Presentation Etiquette – Do You Have an “I” Problem?

Prospecting with a Seminar The presentation gives you the opportunity that you need to secure prospects and customers.  The presentation can envelop customers and clients and hold them firmly while you show value and solutions. The most important aspect of this is your recognition of who this presentation is for…. the attendee. Let’s take a look at some ways that you can fulfill your etiquette responsibilities.  Whether you have a solid presentation or not, everyone notices the things you do wrong from an etiquette standpoint.

An ‘I’ Problem

Years ago I was in a presentation for financial products as a potential customer. The seminar/sales presentation was entitled “Retirement Moves You Should Make Now! It took place at a local hotel, and there were three speakers.  Each of them was noted as an expert in the field of retirement products, strategies, and investments. The three of them spoke for approximately 15 minutes each, and it was evident to me that they were all experts in their subject matter as they had been billed.  I quickly learned that two of them were ‘experts’ on themselves and felt it necessary to tell us over and over.  The other was a great speaker. It got a little sickening hearing them talk about all of the people that they ‘saved’ and how they were preeminent and what others did that could not compare.

They also did some other rather annoying things.  There were presentation slides with little wording and  numerous presentations featuring cartoons. One of the presenters dined on a piece of hard candy during his whole talk and could not keep it quietly in his mouth. I considered this actual presentation rude and a waste of time given the fact that I was supposed to be there to hear how their products and strategies could help me be able to have a happy and fulfilling retirement. What did they do wrong?  Based on the title of the seminar (and the fact that I understood that it was sales related.  The problem lies in that I just got a basic ‘bait and switch’.  The did not tell me how I could retire well, unless the answer to that is just to turn it all over to their operation.

What Are the Rules?

Here are some things that I am going to suggest that will help you as simple guide to the most vexing etiquette issues:

  • Write or display your name prominently
  • Establish eye contact
  • Be Prepared
  • Never waste a customer’s time
  • Dress “up” at least one level
  • Speak clearly and with intent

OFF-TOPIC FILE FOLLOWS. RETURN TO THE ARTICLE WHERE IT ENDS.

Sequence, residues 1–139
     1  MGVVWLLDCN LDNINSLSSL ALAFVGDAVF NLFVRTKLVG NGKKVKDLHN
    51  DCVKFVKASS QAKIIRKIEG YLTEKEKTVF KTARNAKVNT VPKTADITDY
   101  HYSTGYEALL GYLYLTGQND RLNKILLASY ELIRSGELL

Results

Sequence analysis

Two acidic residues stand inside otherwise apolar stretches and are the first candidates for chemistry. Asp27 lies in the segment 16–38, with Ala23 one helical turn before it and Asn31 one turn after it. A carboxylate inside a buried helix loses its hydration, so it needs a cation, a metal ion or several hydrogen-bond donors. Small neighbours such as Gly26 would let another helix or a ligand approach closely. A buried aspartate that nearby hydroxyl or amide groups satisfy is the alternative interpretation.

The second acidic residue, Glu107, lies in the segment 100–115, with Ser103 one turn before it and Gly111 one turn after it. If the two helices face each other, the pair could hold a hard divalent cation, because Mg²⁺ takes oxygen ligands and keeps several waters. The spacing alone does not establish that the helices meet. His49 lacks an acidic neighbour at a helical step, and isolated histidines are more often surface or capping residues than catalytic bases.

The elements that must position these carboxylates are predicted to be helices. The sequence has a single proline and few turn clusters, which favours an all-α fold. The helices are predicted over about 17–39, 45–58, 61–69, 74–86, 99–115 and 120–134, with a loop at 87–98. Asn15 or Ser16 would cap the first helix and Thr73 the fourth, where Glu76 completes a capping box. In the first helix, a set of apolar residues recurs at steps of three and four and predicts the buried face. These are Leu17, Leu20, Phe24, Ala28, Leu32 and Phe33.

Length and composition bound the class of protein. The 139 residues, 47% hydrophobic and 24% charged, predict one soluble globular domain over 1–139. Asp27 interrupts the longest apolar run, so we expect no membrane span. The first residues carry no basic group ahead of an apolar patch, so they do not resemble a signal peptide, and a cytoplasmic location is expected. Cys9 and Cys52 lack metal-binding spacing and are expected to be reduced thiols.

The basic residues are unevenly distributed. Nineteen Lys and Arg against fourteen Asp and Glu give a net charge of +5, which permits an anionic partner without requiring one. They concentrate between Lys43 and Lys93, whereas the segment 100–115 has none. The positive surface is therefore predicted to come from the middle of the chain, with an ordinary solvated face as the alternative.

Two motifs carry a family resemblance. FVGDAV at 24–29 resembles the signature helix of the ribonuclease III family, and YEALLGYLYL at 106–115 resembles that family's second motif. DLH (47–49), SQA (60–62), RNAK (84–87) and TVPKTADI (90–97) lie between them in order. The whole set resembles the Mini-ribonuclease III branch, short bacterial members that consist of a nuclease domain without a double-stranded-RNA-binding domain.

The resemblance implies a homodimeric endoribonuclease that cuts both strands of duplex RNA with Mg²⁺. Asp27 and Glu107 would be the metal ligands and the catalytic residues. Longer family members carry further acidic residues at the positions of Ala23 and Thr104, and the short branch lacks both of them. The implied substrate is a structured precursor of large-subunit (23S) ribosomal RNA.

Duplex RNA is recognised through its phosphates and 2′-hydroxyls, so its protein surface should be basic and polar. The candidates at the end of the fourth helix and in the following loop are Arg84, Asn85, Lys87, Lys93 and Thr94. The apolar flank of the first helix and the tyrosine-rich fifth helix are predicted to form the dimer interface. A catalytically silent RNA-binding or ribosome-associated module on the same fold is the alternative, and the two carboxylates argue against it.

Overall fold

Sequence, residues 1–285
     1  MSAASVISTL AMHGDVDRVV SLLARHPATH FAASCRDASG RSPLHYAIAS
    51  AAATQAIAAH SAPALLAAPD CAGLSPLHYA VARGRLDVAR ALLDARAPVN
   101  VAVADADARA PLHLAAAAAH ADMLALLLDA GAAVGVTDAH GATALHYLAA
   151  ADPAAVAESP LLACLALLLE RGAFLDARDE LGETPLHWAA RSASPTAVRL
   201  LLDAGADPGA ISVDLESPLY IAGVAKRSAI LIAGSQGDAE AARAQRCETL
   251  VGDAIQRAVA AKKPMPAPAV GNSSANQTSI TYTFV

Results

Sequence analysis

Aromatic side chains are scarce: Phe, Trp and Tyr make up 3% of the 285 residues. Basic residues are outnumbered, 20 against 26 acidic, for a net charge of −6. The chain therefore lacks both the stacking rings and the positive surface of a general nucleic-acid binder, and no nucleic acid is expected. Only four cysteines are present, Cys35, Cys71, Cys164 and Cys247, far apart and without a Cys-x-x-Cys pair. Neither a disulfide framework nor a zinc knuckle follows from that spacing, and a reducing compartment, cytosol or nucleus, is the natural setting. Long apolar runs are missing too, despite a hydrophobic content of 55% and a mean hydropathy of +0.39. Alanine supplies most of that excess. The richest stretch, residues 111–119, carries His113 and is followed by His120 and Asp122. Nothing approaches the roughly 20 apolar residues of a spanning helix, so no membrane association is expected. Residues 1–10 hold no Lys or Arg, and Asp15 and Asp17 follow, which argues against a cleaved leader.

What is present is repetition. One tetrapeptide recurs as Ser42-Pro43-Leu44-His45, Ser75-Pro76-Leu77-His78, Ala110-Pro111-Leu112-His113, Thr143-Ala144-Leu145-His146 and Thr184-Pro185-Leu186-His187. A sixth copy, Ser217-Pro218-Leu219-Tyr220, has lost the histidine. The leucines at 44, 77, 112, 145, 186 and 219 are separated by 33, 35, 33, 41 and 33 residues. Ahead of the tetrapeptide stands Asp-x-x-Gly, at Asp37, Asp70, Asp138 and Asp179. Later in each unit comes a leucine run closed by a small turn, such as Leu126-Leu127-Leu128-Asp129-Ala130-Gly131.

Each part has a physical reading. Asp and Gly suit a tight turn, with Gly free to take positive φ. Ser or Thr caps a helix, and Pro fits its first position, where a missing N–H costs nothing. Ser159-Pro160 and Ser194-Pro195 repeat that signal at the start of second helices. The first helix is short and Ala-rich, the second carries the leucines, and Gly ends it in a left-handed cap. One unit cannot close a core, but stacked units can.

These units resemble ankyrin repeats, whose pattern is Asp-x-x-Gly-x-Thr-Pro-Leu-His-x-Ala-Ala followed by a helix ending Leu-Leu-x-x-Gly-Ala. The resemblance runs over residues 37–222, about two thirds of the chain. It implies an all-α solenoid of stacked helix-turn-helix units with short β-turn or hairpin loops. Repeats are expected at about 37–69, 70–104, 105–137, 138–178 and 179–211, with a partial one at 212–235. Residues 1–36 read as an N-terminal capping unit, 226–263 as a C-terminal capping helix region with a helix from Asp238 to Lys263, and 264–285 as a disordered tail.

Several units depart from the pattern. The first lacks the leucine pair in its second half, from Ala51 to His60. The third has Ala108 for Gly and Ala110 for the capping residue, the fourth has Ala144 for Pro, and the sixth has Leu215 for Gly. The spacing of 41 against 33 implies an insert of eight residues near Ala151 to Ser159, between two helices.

• Do not read slides or copy to your audience
  • Get rid of the ‘uhs’, ‘ums’, and ‘you knows’
  • No candy or gum
  • Mind your time
  • Take questions with a smile

Above all, remember that the presentation is not for you, but for the audience.  The quickest way to lose the audience is to forget this important point.

Write your name prominently – Always include contact information.  Some people are hesitant to ask questions as they forget the name of the presenter or do not know how to contact him/her.

Establish eye contact – Then you will want to keep it.  If you are going to read or focus on your slides then send it to everyone in an email.

Be Prepared – Prepare and practice, then make sure that you have prepared for the presentation and the things that go wrong such as overhead projector bulbs, media that does not work, and compatibility issues with others equipment.  Your audience deserves better.  Have paper copies ready.

Never waste a customer’s or prospect’stime – Avoid useless material, cartoons, and novelties.  Realize that the fewest slides and the most meaningful content is what you need, and what your customers deserve.

Dress ‘Up” a level – Presenters should be properly dressed, which means that they should be dressed that when every one else is casual, a tie should be the mode of dress.  Your appearance is important.

Speak clearly – No one is going to ask you more than once to repeat yourself.  They will just tune you out and begin to doodle.  Speak clearly and with intent for all to hear.

Do not read slides – The rudest action of all is to read slides or text to your audience. You might as well send the content to them and let them be read it for themselves.

Get rid of the ‘Ums’, ‘Ahs’, ‘like’, and ‘you knows’- nothing, I repeat nothing drives an audience mad like the chorus of these three phrases.

Lose the candy or gum – This one is easily self -explanatory.

Manage Your Time – Proper breaks and adherence to the schedule is in your audience best interest, and remember, “It is all about the audience”.  If you need to, assign someone in the front row to help you manage time.

Always leave time for questions – Did I forget to advise that, “It is all about the audience?” Advise them of the format for questions and honor it. Leave ample time for questions.

Have Your ‘I’ Checked

As I spoke of in the practical example, the last thing you want to have is an “I” problem.  That is of course when you start talking about yourself and don’t know when to stop.  If you are selling a product or service it cannot be about you.  You will alienate many, and not sell anything. Tell your qualifications and credentials quickly, and then deal with what you are there to do.  Keep it short, and give a link to a bio if they want to get assurance that you are the real deal.

Remember, the best presenter is the one who gives the audience what they need.

Be the best.

Your comments are welcome.

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